Face masks are now an everyday accessory, “staying in” is the new “going out,” and you guessed it, video chatting is a necessary element of our social fabric and remote work. It’s all part of the new normal. 

For those with hearing loss, these changes haven’t been as seamless. As you or a loved one may have experienced, masks muffle speech and inhibit lip reading cues, complicating simple interactions; and video conferencing audio is far from perfect depending on your Wi-Fi connection. Our Mask Mode feature helps resolve these challenges by creating a custom memory that boosts the frequency response in certain channels for Via wearers in select technology tiers. 

To help get you started, we’ve put together some tips to make the best of your next video chat, whether it’s with your boss, your close friends or family. 

1. Clean your hearing aids: to prevent earwax and debris from clogging the microphones or receivers, wipe down your hearing aids every morning with a clean cloth. Clean them on a table or over a cushy surface to avoid damage if dropped while cleaning. 

2. Minimize distractions: prepare your visual and auditory background and encourage attendees to do the same. Turn off the TV and pause your favorite playlist. If you live on a busy street, close your windows and set up shop in the quietest room in your home. A blank wall in a well-lit room works best to avoid visual distractions and promote lip reading. 

3. Less is more: a lengthy guest list may seem like a good idea, but it can quickly turn chaotic. Most of our social lives are currently lacking. When we do virtually see friends and family, we’re excited to blurt out updates. It can be hard to follow as the conversation bounces from person to person. Most platforms enlarge or highlight the current speaker, but it isn’t foolproof. Set a maximum number of attendees. Whether that’s five or 15, friends and family will understand.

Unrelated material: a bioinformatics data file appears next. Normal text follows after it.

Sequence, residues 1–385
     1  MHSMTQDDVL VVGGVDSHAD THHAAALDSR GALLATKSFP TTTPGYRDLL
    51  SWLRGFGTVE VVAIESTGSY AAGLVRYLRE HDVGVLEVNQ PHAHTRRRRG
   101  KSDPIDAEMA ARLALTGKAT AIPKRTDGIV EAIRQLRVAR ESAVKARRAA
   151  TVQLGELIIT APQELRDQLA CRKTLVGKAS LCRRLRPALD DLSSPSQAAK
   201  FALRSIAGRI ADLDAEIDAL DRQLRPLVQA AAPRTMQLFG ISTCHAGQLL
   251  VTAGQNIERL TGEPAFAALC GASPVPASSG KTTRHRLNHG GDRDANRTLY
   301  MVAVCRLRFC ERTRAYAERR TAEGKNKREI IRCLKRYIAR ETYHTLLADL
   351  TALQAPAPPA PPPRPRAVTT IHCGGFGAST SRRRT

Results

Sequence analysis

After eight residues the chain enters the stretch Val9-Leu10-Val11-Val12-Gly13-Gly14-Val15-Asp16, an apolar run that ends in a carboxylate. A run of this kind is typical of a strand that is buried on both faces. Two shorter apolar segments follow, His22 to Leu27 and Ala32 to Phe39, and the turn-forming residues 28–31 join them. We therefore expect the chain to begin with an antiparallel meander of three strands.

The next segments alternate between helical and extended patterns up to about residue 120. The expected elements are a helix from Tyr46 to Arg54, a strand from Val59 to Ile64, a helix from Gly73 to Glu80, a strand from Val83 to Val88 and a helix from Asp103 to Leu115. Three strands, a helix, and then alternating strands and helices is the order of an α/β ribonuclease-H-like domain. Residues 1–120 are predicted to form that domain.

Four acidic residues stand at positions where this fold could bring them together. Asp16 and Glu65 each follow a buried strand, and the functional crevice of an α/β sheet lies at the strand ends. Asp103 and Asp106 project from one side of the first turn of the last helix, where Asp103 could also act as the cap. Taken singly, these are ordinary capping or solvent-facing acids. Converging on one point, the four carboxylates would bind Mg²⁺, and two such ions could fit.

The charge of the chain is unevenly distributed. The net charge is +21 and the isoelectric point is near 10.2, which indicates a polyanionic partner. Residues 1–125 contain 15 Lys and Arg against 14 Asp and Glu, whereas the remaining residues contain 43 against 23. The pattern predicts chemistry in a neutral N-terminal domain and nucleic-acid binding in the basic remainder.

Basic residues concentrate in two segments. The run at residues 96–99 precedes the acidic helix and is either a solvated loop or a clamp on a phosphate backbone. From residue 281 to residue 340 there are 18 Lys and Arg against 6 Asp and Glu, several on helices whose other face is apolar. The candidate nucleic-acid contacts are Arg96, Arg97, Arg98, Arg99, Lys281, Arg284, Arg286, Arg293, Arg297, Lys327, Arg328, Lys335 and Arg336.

4. Raise your hand: Raising your hand before speaking may bring you back to your classroom days, but it’s a simple and effective way to moderate conversation. They say great minds think alike; when chatting with friends and family who you’ve known for (what feels like) forever, there’s bound to be “jinx” moments. Hand raising can eliminate the mumbling, confusing chatter and feelings of being left out that come from these moments. 

5. Make technology your friend: Technology can be frustrating for the young and old alike. It always seems to work until there’s an audience. Audibel hearing aids are equipped with technology meant to make life easier. Via, Via AI and Via Edge AI hearing aids can stream audio directly from your iPhone and select Android devices. If possible, opt to join the video chat from your smartphone instead of your computer for the clearest, most natural sound quality. Technology goes beyond your hearing aids. Consider the video platform you use. Seek out platforms with live captioning and chat features. Go one step further by researching which platforms’ user interfaces and features meet your needs, or the needs of a loved one, best. Don’t assume, ask! Loved ones will likely be happy you thought of them. 

6. Lights, camera, action! This may seem obvious given the term “video conferencing” but encourage all attendees to turn on their cameras. Unless you’re a supermodel, most people are camera shy and would rather not have others see that they’re still in their PJs. However, the visual component is essential to restore lip reading, facial expressions, and hand movements that enhance communication for everyone, especially the hard of hearing.